Tamil Nadu CM wins floor test amid din; Stalin, OPS cry foul UP polls: Heavy­weights face lit­mus test to­day STAKES HIGH FOR PO­LIT­I­CAL PAR­TIES

IN THE HOUSE

Hindustan Times ST (Mumbai) - HT Navi Mumbai Live - - FRONT PAGE - KV Lak­sh­mana klak­sh­mana@hin­dus­tan­times.com DMK work­ing pres­i­dent MK Stalin ar­rives with his party MLAs at the Tamil Nadu Sec­re­tariat in Chen­nai on Satur­day. Stalin, who al­leged he was forcibly evicted and man­han­dled by mar­shals, was later de­tained when he

Tamil Nadu chief min­is­ter E Palaniswami com­fort­ably won a dra­matic trust vote on Satur­day amid chaos after the speaker threw out op­po­si­tion DMK mem­bers for vi­o­lence and Congress leg­is­la­tors walked out.

Palaniswami won by 122 votes to 11 after speaker P Dhana­pal twice ad­journed the House within a cou­ple of hours when DMK leg­is­la­tors broke fur­ni­ture and mi­cro­phones, threw pa­pers and even oc­cu­pied his chair.

The un­prece­dented evic­tion of the 88 DMK leg­is­la­tors and the se­crecy sur­round­ing the spe­cial ses­sion are likely to take the sheen off Palaniswami’s win, which also hands a moral vic­tory to dis­graced AIADMK chief VK Sasikala in a high-stakes bat­tle against her chal­lenger O Pan­neer­sel­vam.

His vic­tory meant that Pan­neer­sel­vam’s gam­ble of re­volt­ing against Sasikala – a long-time con­fi­dante of for­mer chief min­is­ter J Jay­alalithaa – has failed and his dreams of hold­ing on to the top job gone, at least for the time be­ing.

The cur­rent cri­sis erupted about two weeks ago when in a late-night dra­matic revolt, Pan­neer­sel­vam al­leged Sasikala — anointed to suc­ceed Jay­alalithaa as CM — forced him to re­sign from the state’s top post.

But de­spite Palaniswami win­ning the trust vote hand­ily, the po­lit­i­cal thriller that has trans­fixed the na­tion for weeks showed no signs of end­ing.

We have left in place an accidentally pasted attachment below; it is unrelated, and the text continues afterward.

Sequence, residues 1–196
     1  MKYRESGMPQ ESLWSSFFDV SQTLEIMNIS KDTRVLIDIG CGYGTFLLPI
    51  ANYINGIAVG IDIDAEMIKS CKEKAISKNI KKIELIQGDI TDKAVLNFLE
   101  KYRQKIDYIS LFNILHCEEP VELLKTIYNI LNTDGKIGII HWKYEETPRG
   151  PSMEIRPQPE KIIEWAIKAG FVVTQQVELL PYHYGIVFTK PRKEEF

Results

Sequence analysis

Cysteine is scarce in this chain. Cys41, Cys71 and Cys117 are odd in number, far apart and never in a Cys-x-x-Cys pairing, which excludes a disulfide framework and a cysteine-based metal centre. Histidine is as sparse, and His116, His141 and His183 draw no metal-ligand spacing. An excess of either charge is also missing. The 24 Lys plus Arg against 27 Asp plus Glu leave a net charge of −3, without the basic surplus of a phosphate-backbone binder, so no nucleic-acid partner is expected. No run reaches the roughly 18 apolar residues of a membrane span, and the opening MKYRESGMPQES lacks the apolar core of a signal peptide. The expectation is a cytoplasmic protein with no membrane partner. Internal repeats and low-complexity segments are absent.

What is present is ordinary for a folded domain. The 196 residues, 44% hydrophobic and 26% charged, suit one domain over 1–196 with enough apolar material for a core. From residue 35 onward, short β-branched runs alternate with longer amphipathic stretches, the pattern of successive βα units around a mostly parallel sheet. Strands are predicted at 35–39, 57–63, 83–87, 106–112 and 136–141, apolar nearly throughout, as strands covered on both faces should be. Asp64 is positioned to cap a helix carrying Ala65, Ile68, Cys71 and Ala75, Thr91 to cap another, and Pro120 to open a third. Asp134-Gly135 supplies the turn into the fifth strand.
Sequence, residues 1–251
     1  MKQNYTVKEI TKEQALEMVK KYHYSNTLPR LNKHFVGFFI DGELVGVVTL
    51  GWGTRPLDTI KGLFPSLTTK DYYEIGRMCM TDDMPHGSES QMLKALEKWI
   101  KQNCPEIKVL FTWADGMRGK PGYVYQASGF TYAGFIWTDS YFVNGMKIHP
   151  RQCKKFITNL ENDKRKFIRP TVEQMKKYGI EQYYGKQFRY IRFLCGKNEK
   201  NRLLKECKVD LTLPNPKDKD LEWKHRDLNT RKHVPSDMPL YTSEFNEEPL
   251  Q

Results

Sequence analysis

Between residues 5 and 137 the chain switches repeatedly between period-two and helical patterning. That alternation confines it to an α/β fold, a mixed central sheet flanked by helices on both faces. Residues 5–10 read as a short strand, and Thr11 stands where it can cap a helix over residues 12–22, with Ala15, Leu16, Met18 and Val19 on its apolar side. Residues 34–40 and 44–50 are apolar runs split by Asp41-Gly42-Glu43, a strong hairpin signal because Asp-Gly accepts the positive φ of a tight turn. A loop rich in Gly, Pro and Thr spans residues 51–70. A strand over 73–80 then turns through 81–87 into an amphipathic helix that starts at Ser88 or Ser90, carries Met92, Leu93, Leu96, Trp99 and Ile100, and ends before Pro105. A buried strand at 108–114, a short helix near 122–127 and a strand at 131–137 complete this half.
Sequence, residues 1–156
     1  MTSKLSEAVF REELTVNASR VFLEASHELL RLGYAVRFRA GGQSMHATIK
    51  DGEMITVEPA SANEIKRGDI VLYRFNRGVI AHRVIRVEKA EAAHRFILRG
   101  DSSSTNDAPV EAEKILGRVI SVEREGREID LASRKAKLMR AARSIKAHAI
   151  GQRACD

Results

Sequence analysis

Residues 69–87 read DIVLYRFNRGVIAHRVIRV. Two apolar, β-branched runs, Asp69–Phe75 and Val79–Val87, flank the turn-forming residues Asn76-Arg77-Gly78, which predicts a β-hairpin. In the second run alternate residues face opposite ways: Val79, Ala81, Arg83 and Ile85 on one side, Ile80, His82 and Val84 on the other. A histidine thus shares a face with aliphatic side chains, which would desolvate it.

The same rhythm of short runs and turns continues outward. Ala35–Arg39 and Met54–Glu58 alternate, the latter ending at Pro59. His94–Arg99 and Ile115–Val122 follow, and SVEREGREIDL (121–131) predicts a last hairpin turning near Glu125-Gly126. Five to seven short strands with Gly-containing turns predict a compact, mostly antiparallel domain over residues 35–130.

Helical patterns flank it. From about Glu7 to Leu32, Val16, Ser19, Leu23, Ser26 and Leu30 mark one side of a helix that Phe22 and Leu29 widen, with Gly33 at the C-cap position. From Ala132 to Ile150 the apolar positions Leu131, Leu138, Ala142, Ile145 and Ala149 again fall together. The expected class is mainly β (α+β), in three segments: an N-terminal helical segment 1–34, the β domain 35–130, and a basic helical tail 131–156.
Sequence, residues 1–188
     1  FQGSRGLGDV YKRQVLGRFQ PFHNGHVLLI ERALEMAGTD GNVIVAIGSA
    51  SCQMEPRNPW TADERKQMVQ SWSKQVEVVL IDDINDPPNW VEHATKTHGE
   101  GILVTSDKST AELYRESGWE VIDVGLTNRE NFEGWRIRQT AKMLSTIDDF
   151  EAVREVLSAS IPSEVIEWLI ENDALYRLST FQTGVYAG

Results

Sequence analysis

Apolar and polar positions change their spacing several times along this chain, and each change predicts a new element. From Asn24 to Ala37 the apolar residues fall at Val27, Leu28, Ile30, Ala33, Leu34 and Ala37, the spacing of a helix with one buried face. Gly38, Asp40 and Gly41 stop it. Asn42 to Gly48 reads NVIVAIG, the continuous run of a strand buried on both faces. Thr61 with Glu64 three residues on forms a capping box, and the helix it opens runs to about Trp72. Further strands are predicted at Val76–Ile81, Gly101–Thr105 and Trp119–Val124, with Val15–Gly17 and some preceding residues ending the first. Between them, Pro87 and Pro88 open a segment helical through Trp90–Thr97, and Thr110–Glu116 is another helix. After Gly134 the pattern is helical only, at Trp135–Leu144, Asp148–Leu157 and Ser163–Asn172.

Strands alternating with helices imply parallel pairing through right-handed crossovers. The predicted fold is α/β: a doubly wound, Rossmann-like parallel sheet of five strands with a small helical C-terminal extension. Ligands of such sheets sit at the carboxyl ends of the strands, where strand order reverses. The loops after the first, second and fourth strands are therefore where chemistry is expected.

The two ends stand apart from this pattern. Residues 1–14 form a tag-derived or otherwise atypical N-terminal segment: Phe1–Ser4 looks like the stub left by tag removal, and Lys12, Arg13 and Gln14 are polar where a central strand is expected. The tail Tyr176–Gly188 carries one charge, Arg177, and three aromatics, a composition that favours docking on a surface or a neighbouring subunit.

Min­utes after he was car­ried out by mar­shals, DMK work­ing pres­i­dent MK Stalin rushed to gover­nor Ch Vidyasagar Rao to com­plain about the speaker’s ac­tions and Pan­neeer­sel­vam’s camp dubbed the floor test “un­demo­cratic”. Stalin later sat on a protest dharna at Ma­rina Beach, ringed by party mem­bers.

But Dhana­pal – whose shirt was torn in the melee and who had to be res­cued by mar­shals — hit back, say­ing DMK mem­bers mis­be­haved with him as he is from the Adi Dravid (Dalit) com­mu­nity.

Ut­tar Pradesh geared up for the third phase of assem­bly elec­tions with 24 mil­lion vot­ers go­ing to the polls on Sun­day in 69 seats con­sid­ered the most cru­cial for the ruling Sa­ma­jwadi Party.

The phase cov­ers strongholds of the ruling Ya­dav fam­ily — the Kan­pur and Avadh re­gions — but ex­perts warn that many of the so­called safe seats might see close fights be­cause of a resur­gent op­po­si­tion and bit­ter in­fight­ing within the SP.

Of the 69 con­stituen­cies in 12 dis­tricts which go to polls, the SP had won 55 in 2012. But spurred by in­fight­ing, chief min­is­ter Akhilesh Ya­dav changed can­di­dates on as many as 20 seats.

Many party heavy­weights – in­clud­ing se­nior lead­ers Shiv­pal Ya­dav and Mu­layam Singh Ya­dav’s younger daugh­ter-in­law Aparna Ya­dav – are in the poll fray.

Un­like the pre­vi­ous two phases, the third phase has the high­est num­ber of big fights, and fig­ures many first-timers among 826 can­di­dates.

The phase will be crit­i­cal for both Akhilesh and Shiv­pal, who were locked in a bruis­ing month­s­long fight for party con­trol.

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